6. Heat oil in the pan. Add star anise and fry till fragrant.
7. Then add the sliced Bombay onions and curry leaves. When the onions are wilted, pour the contents of the pan into the Dutch oven and add the fried chicken.
8. Simmer over low heat until the gravy is thick and oil seeps from the gravy.

21 comments:

  1. At least your chicken looked and tasted okay. Not burnt.

    Poor mitten. How it got burnt. Lol.

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  2. wow! you are slowly becoming a versatile cook who can whip up tasty dishes from different cultures. This dish is so tasty. I can eat a lot if not too spicy but only a little if it is too spicy until you also find it spicy. continue your cooking adventure to different cuisine.

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    1. I have always wanted to learn Indian cooking, so it looks like I am off to a good start :)

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  3. Well, you have an excuse to go shopping now....time to buy new mittens! I believe you when you say the chicken is incredible by just looking at it (looks a bit like dry rendang chicken). BTW, your non-stick pan looks like brand new (hardly used?). I wonder why there's a need to shallow fry the chicken pieces separately instead of just cooking everything in your Dutch oven itself...and having one less pan to wash! ;)

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    1. hee..hee.. You are very observant. That pan has been actively used only recently. I got it when Aeon was having that stamp collection promo last year. Actually I think the chicken can be cooked without the extra step of frying. Maybe frying enhances the taste. I could try that next time and see if there is any significant difference.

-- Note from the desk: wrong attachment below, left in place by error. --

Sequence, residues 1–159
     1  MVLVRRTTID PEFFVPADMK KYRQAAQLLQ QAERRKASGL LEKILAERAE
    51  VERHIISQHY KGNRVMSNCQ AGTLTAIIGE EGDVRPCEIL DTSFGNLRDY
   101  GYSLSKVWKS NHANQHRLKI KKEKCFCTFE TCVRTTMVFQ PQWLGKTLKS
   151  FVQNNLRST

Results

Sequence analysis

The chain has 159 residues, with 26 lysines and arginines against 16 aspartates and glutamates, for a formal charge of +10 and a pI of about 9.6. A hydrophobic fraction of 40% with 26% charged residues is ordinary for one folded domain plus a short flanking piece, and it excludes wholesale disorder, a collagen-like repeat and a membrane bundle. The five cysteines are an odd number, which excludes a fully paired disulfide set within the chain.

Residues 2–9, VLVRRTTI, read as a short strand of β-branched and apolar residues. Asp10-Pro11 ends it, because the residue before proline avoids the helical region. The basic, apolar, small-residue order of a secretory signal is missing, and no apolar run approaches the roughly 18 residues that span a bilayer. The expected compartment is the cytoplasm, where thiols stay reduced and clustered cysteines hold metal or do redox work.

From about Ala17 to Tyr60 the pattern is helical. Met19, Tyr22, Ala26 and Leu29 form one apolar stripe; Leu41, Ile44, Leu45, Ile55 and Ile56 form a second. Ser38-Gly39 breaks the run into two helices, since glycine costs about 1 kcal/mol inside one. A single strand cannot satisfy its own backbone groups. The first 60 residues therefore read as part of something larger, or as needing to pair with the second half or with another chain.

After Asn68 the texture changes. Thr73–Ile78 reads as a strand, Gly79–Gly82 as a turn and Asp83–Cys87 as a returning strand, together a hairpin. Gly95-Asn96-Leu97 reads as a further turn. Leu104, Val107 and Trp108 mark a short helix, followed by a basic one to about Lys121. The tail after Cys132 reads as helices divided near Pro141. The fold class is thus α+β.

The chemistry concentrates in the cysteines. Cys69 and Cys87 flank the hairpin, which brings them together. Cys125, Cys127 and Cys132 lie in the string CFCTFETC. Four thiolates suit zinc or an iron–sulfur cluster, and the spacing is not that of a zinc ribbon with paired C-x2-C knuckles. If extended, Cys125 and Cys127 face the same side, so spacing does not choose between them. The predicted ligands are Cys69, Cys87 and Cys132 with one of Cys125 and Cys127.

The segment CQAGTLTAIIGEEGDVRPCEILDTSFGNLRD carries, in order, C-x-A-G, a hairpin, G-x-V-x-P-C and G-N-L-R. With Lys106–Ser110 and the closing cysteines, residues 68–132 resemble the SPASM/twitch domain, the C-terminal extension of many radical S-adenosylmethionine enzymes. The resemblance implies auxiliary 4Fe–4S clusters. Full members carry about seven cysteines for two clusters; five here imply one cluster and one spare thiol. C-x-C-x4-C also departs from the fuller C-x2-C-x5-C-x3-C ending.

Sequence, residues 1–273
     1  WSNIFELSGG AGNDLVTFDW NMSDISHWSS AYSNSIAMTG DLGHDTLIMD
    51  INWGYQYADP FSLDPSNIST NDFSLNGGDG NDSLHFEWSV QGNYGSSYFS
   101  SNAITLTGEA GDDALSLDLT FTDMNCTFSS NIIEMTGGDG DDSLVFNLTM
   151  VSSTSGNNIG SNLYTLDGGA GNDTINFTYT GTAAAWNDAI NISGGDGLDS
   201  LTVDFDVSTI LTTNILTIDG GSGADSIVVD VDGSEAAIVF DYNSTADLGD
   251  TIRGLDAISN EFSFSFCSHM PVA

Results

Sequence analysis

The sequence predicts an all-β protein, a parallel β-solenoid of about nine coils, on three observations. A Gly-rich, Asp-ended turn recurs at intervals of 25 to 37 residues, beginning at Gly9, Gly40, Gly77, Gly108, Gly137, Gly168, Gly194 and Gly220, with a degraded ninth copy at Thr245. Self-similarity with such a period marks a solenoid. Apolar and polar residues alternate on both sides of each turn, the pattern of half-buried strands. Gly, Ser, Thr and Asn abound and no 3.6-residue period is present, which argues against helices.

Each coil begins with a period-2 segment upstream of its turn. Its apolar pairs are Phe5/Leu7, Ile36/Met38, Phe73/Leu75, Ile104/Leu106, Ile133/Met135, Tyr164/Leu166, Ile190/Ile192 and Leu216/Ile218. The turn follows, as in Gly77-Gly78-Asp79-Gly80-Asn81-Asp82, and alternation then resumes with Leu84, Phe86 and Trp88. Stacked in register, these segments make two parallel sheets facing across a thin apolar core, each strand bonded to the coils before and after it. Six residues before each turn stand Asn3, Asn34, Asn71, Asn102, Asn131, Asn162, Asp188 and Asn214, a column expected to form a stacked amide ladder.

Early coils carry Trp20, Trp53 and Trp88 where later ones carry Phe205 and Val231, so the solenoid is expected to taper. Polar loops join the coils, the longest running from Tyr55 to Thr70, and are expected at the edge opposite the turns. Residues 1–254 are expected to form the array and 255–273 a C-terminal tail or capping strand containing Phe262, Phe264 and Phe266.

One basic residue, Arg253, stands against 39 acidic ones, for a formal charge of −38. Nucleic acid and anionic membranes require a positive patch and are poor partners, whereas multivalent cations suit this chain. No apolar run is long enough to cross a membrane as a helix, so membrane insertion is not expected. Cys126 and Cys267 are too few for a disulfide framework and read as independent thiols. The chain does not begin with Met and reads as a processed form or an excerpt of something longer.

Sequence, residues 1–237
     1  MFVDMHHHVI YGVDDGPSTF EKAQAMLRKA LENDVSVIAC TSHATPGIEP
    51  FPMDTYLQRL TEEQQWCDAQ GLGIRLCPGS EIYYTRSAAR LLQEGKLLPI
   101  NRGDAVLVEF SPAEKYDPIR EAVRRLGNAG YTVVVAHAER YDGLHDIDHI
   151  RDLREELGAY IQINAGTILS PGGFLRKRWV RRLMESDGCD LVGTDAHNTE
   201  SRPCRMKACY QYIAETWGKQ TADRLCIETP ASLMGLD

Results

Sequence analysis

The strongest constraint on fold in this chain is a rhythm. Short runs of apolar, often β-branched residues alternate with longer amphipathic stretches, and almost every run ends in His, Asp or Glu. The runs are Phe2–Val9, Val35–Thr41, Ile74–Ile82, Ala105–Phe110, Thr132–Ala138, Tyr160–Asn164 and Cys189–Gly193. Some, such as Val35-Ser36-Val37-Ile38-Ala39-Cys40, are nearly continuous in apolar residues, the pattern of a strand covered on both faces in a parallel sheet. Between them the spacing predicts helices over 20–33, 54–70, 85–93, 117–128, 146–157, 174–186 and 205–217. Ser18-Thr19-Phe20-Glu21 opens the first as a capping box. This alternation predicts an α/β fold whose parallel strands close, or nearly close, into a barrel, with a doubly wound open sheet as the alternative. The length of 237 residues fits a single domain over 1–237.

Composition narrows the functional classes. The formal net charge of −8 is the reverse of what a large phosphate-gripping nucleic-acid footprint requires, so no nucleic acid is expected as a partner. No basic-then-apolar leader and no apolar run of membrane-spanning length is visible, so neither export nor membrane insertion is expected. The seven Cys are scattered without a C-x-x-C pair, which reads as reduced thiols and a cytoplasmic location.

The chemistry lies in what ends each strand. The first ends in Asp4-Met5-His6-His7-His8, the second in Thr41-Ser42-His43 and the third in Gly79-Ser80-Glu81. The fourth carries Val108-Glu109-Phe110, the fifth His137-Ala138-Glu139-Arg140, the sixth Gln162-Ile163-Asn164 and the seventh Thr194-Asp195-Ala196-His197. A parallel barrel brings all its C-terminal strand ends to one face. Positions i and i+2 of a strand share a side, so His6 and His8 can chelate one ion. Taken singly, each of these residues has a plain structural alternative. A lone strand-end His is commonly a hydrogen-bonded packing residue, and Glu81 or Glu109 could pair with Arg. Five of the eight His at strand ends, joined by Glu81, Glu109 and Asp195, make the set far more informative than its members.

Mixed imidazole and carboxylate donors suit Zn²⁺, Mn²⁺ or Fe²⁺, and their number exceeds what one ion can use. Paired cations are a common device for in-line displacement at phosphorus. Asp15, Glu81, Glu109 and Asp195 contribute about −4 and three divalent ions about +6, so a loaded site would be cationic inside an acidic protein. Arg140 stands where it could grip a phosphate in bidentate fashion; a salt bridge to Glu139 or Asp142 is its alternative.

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  4. Now it's showtime for the mittens i gave u after yours got burnt hee hee

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    Replies
    1. I very sayang to use your mittens hah..hah...

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  5. No need to try, just see only already can tell this is very very good - looks a bit like the Kapitan chicken I had that day - in my blogpost today.

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    Replies
    1. I saw the kapitan chicken that you ate. Quite different from the one I cooked some time ago.

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  6. reading this reminds me how painstaking the behind-the-scenes preparation of a dish can be. i salute all good chefs, whether in the home kitchen or in the restaurant kitchen :D

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    Replies
    1. Some dishes are like that, but worth the time when it comes out amazing.

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  7. I'm a sucker for a good cook book too - no matter how much I try to talk myself out of it - "you can find everything on line" - I still can't help myself from browsing at least.

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  8. Wow! It does look incredible. Way to go PH! Indeed Indian food has loads of ingredients and maybe that's why it's so flavourful. I would also wish to skip the frying part as there indeed would be one less pan to wash and no oil splatter around the kitchen to clean up :)

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    Replies
    1. Thank you! I love Indian food and will attempt more recipes.

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  9. I love Indian food especially their curries! So much spices and fragrance.

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    Replies
    1. Yes, must eat lots of rice with it baru syiok!

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  10. I like to buy cookbooks too especially those with pretty photos :P

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  11. Delightful! Please share this with the Food on Friday crowd over at Carole's Chatter. Cheers